Soft Tissue Procedures/
Soft Tissue Grafting
Post-operative care is very important following soft tissue procedures or grafting. Proper care of the soft tissue wound is important to help the soft tissue heal appropriately. If you were given specific instructions as to how to avoid disturbing the soft tissue wound or graft it is very important that you follow those directions. Unnecessary pain, swelling, and infection can be minimized if the instructions are followed carefully.
EARLY CARE AFTER SURGERY
On the Day of surgery, patients tend to do well if they follow this sequence:
- Control Bleeding First.
- Follow the directions you were given in the office to control bleeding. Do not spit. Apply ice packs immediately.
- Get something in your Stomach.
- A milkshake is suggested.
- Start Medications.
- If you have pain, start taking your pain medicine first and wait one hour to start the antibiotics.
- If you have no pain, start taking your antibiotic first and wait to start the pain medicine until pain is just starting to occur.
If you had an oral surgical procedure other than an extraction of a tooth, please use the techniques for bleeding control that were shown to you by our staff as the directions are specific to what procedure was performed.
Most biopsy soft tissue wounds do not need special measures to control bleeding. However should bleeding be an issue, a pressure gauze could be used with a moderate finger pressure to help control bleeding for one hour as needed.
Most soft tissue grafts do not require use of a pressure gauze to control bleeding in the area where the graft was placed. Should persistent bleeding occur from where the graft was placed, apply a steady moderate pressure to the wound as directed for one hour. Do not move the gauze as you apply pressure to the graft site as you will tend to move the soft tissue graft and this can ruin the result. Thus a pressure gauze can be used but do not move the gauze on the graft site as you apply pressure to the wound. Again, bleeding is often not a problem where the soft tissue graft was placed.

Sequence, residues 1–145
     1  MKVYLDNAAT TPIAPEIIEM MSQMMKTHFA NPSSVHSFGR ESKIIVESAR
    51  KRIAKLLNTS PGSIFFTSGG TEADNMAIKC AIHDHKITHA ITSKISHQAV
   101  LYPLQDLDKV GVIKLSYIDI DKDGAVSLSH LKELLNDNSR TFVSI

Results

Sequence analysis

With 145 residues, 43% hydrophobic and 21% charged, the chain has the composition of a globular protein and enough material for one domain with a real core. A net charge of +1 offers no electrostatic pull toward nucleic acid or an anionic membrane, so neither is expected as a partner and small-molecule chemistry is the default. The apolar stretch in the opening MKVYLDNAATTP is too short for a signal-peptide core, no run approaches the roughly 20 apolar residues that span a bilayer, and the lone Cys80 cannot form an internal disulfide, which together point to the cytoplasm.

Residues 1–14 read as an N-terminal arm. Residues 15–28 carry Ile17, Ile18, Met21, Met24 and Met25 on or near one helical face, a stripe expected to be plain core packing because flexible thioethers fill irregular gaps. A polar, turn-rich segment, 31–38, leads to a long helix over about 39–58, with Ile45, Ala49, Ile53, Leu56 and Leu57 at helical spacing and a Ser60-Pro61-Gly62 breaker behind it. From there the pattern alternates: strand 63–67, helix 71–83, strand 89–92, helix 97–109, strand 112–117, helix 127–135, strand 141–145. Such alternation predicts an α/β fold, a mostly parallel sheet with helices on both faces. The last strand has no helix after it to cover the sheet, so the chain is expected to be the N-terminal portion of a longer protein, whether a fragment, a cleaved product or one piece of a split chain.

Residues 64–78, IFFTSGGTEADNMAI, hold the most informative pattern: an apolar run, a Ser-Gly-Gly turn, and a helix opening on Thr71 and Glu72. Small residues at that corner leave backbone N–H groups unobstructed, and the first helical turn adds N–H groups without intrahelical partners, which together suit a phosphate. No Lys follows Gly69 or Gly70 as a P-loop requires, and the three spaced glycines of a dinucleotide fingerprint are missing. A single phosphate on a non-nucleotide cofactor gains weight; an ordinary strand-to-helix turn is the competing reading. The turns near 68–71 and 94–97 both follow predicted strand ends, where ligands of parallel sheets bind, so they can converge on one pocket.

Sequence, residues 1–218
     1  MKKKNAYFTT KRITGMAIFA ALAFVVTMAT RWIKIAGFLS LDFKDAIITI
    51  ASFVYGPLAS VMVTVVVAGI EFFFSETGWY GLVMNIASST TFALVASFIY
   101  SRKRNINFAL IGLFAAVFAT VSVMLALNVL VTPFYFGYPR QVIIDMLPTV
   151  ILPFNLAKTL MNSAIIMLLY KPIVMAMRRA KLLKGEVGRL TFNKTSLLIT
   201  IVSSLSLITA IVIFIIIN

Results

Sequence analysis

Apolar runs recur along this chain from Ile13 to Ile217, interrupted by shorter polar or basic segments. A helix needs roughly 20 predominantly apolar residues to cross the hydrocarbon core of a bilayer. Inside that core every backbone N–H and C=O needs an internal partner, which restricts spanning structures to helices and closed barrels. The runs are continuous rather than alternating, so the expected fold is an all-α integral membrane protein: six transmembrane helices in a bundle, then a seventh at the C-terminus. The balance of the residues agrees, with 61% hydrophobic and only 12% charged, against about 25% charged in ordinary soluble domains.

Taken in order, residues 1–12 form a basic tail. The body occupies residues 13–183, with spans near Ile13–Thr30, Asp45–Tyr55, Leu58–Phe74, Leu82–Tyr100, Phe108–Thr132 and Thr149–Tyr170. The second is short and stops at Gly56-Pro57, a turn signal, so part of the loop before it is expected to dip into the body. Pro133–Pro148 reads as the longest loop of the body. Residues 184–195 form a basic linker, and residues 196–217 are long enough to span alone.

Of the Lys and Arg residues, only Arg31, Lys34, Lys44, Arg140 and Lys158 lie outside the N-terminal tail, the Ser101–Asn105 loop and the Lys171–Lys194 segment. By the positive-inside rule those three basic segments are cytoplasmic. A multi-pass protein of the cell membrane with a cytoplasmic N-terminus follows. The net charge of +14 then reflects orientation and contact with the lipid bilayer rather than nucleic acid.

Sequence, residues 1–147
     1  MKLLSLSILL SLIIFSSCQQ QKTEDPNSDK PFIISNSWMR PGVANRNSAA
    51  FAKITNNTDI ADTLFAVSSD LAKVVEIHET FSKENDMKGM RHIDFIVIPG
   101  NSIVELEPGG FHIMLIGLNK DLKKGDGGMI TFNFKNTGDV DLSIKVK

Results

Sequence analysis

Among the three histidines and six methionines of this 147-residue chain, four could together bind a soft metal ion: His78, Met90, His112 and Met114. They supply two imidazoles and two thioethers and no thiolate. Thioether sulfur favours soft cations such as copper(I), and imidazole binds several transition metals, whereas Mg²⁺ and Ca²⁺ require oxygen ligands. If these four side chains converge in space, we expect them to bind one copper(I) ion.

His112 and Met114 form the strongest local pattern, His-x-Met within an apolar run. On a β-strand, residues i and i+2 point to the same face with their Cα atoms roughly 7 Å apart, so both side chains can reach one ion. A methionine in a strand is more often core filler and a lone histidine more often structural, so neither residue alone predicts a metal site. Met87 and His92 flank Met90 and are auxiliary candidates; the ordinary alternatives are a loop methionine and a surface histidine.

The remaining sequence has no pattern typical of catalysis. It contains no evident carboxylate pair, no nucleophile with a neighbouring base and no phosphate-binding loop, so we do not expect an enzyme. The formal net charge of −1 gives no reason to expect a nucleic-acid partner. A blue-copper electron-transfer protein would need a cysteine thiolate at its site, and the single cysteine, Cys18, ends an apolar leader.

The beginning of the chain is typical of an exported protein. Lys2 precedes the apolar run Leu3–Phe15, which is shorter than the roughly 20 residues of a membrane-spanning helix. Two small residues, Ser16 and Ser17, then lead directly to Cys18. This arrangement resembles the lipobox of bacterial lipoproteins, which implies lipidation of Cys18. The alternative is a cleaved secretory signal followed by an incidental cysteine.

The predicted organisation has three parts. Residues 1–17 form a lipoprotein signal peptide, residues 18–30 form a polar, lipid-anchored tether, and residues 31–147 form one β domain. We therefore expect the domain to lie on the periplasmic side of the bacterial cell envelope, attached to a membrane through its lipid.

If a soft tissue graft was taken from the roof of the mouth (the donor site), the soft tissue wound on the palate could bleed requiring you to apply firm pressure to the area for one hour at a time. Bleeding in the donor site can occur if the area is irritated during the first week after surgery. Use the pressure gauze as directed above will control this bleeding. It is wise to avoid crunchy food for 7-10 days in the donor site area as these foods could make the donor site bleed.
Discomfort is usually strongest during the first 12-24 hours. For severe pain, use the prescribed medication should be taken as directed. For moderate pain, use Ibuprofen (Advil or Motrin -200mg. tablets). Take 1-2 Ibuprofen every 3-4 hours. Tylenol can be use as well as listed on the package.
Most pain medications can upset the stomach, especially the prescription pain medicine and especially if the stomach is empty. If general anesthesia was used and the stomach is empty, you can prevent an upset stomach by drinking a milkshake and taking the first dose of pain medication 30 minutes later. What is even more effective is to eat bulky foods of some thickness (mashed potatoes, oatmeal, ground meats) at least one half hour before taking your medication
CAUTION – Do not drive, work or operate mechanical equipment after taking the prescription pain medication. Also, do not mix alcohol and any pain medication (or antibiotic).
Please remember to:
- Space different medicines at least one hour apart from each other
- Eat food of some thickness one half hour before taking any medicine
- Follow the frequency that is prescribed on each bottle
- Pain medicines take the edge out of strong pain; they do not eliminate all pain sensation.
- Avoid alcohol with any pain medication or antibiotics
- You should not drive any vehicle or work if taking narcotic medications. This does not apply with the anti-inflammatory pain pills.
The post-operative pain can vary considerably in different patients. It is often worst in the first 72 hours, but occasionally it can become worse after this period. The overall pattern to one’s pain should be that it tapers off as a general trend over 5-6 days, though the pain can vary some in any one day. Exertional activities, exercise, and a “busy” lifestyle will tend to make the wounds “throb,” so please use common sense and minimize activities that irritate the area.
If you have been placed on an antibiotic you may take the first dose 1 hour after taking the pain pills. Continue to take this medication as prescribed and complete the entire dosage.